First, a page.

Paul Galvin point about WhatsApp groups in GAA is relevant now more than ever
Bert and Ernie, Chandler and Joey, Ted and Dougal, Gooch and Galvin... the Kerry lads rank up there among the great comedy duos of modern times.
Paul Galvin and Colm Cooper had the crowd rolling in the aisles at GAA Hour Live event ahead of the All-Ireland final, a couple of years back.. The pair told story after story that had the Sugar Club roaring with laughter.
Galvin had the audience rapt with a well-told tale of Cooper going back to bed [in 2007] after the morning schedule of 'Breakfast, Physio, Lunch' on All-Ireland day.
"I said, 'We've a game there about 3:30, if you wouldn't mind joining us'.
"Gooch just stretches. 'Ah, we've a few minutes yet'.
"It was like he hit the snooze button. Back asleep for five minutes. Rolled out of bed. Hit 1-5 that day."
The former room-mates are clearly very good friends so, when Galvin reflected on his buddy's retirement in his Sunday Times column, last year, we might have expected a few stories sprinkled with a little pathos. We got those but we got more.
As he described the quiet authority with which Cooper could lead a dressingroom or influence a squad as star-studded as Kerry's panel of the noughties, Galvin took issue with the modern phenomenon of WhatsApp groups.
Unless you are still operating off a Nokia 5110, there is a 99.9% chance you are a member of a WhatsApp group or two. You may even be reading this article after it was shared in a WhatsApp group. We here at SportsJOE are big fans ourselves.
— SportsJOE (@SportsJOEdotie) January 14, 2017
14 stages of WhatsApp that every club goes through https://t.co/VUfCTsUU0R
— SportsJOE (@SportsJOEdotie) January 11, 2017
They are fun and, in many respects, have taken the online conversation away from the public sphere of Facebook and into more limited arenas - that is one reason why Facebook bought the company back in 2014.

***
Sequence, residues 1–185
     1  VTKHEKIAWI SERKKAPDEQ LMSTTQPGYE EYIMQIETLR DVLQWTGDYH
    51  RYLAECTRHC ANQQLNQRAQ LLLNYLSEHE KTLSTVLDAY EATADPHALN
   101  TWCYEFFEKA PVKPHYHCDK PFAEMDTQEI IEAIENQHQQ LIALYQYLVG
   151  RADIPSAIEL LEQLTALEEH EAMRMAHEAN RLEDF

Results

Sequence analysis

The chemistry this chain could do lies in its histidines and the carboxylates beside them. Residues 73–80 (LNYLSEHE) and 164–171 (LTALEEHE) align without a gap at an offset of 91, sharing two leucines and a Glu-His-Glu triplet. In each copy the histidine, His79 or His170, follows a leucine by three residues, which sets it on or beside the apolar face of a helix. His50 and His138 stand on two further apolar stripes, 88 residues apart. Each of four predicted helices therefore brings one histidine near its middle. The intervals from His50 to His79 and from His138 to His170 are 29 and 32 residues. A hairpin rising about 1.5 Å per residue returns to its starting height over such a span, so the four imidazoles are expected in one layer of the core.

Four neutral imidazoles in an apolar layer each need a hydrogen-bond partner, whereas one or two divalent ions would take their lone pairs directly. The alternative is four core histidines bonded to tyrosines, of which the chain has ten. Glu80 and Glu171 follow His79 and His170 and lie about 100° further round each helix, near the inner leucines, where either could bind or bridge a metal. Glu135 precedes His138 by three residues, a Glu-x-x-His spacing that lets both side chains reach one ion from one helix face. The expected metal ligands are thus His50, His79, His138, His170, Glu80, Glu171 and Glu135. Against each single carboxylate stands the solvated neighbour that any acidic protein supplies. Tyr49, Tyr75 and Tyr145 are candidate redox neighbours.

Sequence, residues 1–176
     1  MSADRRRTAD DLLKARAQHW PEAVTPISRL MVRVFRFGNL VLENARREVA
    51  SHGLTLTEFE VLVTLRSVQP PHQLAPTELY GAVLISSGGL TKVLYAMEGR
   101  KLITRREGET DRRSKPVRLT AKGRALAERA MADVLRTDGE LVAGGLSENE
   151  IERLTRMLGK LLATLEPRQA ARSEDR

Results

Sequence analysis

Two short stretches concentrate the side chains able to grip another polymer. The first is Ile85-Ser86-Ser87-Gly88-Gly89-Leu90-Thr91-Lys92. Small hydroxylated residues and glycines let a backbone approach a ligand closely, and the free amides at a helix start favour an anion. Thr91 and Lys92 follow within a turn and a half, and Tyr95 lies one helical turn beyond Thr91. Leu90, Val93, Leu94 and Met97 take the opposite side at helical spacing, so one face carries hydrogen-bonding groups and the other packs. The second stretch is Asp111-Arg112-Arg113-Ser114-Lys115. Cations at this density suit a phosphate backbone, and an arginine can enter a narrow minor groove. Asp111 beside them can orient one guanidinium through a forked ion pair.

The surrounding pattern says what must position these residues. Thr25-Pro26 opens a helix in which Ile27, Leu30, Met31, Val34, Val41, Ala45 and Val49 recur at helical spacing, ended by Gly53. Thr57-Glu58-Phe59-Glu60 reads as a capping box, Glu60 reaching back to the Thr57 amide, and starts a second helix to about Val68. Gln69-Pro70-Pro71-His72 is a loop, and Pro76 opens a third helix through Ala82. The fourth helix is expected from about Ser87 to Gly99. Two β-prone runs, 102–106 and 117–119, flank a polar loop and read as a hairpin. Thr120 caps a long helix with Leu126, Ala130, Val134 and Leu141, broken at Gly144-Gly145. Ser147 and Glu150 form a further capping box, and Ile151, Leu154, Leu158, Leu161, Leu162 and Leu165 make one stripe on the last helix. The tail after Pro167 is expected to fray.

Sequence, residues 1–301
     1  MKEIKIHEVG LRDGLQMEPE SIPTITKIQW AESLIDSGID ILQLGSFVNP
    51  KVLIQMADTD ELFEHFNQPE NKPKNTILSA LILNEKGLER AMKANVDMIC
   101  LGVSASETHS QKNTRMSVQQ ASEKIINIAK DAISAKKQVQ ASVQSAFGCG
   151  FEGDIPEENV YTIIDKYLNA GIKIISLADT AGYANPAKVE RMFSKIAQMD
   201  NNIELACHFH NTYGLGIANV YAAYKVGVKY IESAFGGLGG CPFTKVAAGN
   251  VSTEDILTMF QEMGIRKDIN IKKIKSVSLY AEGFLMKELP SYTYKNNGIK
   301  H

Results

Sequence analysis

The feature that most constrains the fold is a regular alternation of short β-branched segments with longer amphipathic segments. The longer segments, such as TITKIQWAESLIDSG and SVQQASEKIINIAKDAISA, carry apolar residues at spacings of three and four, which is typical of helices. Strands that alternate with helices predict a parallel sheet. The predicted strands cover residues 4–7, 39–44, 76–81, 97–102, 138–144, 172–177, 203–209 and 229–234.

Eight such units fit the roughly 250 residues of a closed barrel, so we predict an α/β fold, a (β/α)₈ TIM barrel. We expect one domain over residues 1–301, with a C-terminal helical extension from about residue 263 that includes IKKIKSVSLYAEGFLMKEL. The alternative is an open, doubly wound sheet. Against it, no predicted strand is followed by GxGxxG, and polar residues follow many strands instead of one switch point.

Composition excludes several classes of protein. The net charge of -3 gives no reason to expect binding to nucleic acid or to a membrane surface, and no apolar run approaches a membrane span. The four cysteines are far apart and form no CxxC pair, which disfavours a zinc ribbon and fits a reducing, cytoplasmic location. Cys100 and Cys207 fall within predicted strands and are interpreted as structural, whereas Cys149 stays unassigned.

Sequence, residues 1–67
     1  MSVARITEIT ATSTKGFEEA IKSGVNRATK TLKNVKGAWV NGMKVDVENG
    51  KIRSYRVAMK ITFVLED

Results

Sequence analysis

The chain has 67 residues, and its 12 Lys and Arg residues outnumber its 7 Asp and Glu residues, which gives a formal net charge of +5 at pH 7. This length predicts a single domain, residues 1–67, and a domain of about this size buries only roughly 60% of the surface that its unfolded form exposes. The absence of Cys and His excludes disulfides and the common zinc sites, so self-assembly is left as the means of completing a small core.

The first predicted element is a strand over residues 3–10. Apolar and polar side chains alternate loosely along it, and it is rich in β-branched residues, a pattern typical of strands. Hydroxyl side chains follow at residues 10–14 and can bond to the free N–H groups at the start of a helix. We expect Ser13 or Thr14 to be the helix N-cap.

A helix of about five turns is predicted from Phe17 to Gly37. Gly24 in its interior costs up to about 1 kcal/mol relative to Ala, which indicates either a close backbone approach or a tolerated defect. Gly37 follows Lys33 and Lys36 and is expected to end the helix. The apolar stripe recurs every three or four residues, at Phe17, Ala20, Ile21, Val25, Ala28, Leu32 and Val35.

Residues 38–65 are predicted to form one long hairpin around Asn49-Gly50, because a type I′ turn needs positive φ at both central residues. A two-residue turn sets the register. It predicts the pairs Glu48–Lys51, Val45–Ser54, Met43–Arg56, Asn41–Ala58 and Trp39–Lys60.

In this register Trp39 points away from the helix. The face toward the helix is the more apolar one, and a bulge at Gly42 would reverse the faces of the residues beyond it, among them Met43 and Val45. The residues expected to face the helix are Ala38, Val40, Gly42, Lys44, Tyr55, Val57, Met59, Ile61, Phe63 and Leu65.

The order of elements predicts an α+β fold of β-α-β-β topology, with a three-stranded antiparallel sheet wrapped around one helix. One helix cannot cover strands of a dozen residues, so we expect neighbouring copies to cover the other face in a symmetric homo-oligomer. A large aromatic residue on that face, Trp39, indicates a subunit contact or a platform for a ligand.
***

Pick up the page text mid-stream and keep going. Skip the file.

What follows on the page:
However, from a sporting perspective, Galvin feels something is being lost by all the "smiley faces, thumbs up and virtual high fives".
GaLvin says he has never been a fan of the app, which he feels has replaced "honest, frank, face-to-face exchanges"
"Group culture is being driven in a way that no one fully appreciates or understands. In time, some think-tank at a University should do a study on WhatsApp and its effect on team culture and mentality," wrote Galvin.
"It took hold of the game towards the end of my career and I never got into it. It's all smiley faces, thumbs up and virtual high fives from the couch nowadays.
"Honest, frank, face-to-face exchanges on the training ground or dressing room feel like a thing of the past. This is where team culture should be created and driven, and points made, not on an app."
It is an interesting point of view. Has your team's propensity for stand-up barneys under the floodlights been replaced by remote agreement in a WhatsApp group?
Have we lost the ability to argue with our team-mates constructively? Are we all getting along too well from comfort of our own sofas?
An interesting one for ye to discuss, face to face, at the clubhouse next time.